What Will Contract Season Look Like? - 2021
From the carriers’ perspective, the surge in imports from Asia blindsided them, as it did many economists. Even as the additional capacity flows into trade, many shippers argue the damage has already been done with equipment issues, high spot rates and poor service. “There was not a lot of honouring of contract commitments this year. Certainly we are expected to honour our commitments to the carriers, so we would like them to honour their commitments to us,” one BCO stated.
On-time performance for carriers has fell to just 46.7 percent in September to the U.S. West Coast, almost half the rate it was in June, and to 49 percent for the East Coast. Clearly the blame does not lie entirely with the carriers – in Southern California for example; terminal and warehouse providers continue to struggle with the surge in imports. However, the sky-high spot and premium service rates are a little hard to swallow when service reliability is so low. Several shippers believe this will be remembered with contract season quickly approaching.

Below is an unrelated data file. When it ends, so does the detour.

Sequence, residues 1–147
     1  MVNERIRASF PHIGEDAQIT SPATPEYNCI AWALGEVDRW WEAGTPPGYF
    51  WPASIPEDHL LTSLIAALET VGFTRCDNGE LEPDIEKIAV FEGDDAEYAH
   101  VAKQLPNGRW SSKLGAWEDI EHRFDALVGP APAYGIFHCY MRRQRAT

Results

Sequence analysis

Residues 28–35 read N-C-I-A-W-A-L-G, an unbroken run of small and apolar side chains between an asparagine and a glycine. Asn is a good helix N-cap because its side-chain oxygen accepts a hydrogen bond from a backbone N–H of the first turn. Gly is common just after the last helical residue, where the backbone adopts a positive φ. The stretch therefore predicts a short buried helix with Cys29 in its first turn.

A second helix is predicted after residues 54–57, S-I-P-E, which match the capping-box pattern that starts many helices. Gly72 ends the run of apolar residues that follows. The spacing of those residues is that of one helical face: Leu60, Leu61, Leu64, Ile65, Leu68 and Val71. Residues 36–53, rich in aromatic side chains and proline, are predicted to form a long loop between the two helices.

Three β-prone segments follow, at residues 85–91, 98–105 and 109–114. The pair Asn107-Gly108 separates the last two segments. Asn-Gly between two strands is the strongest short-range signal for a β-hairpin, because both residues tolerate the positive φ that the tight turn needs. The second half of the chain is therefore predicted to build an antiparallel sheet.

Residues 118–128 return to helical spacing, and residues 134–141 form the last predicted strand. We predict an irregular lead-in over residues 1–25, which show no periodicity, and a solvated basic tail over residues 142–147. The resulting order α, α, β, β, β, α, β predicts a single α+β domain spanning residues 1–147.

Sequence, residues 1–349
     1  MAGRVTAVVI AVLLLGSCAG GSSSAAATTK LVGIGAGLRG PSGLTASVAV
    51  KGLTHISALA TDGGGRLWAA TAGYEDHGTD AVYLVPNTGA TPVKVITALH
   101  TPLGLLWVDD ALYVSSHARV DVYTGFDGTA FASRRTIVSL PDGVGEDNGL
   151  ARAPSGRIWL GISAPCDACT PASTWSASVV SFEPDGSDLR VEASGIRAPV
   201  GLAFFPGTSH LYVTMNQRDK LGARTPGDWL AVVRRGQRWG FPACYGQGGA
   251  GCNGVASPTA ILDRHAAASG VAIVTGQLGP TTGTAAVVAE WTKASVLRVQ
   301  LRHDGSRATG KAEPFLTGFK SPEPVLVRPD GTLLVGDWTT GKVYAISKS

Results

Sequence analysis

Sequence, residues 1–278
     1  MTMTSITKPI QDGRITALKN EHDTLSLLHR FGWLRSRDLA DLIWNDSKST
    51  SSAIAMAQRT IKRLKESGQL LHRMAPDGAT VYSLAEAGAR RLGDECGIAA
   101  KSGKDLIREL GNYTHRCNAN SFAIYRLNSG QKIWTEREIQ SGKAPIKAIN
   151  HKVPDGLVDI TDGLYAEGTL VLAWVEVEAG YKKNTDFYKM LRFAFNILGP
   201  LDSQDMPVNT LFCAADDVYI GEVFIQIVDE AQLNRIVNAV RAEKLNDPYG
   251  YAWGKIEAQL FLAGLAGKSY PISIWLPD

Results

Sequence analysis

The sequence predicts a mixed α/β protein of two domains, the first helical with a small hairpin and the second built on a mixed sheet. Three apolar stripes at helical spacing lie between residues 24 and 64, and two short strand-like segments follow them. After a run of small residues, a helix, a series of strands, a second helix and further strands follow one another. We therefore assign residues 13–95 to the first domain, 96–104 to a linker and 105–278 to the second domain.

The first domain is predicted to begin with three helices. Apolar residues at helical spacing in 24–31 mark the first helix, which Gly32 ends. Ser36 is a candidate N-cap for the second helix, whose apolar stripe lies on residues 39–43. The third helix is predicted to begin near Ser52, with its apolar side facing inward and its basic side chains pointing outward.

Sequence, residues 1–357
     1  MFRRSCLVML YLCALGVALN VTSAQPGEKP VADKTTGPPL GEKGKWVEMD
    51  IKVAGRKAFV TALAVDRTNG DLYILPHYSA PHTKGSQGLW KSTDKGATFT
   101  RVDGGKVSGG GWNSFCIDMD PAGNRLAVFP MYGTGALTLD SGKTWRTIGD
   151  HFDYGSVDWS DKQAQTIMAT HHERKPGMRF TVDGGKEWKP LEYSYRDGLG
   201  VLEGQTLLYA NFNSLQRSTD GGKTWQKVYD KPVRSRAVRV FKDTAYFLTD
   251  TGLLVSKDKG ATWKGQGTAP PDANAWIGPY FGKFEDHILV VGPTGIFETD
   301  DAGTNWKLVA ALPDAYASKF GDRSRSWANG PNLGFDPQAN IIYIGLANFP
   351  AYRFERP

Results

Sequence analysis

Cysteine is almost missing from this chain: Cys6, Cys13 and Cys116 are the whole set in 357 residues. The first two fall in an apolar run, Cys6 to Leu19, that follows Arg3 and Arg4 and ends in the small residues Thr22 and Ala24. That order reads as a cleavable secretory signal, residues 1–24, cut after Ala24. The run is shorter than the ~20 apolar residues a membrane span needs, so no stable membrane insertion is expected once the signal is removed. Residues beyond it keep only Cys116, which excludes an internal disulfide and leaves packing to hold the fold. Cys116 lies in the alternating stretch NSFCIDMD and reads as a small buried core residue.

Some analysts believe the trade still has a few more months ahead to work out the global positioning/equipment disparity, as long as nothing else comes up. Yet, with Germany and France announcing new lockdowns and the virus on the rise stateside, it is impossible to predict the outcome.
Strong Air Freight Demand Fighting Tight Capacity, Pushing Rates Higher
Rates on routes to the EU and US continue to track at a higher level as a result of stronger load factors. Learn more.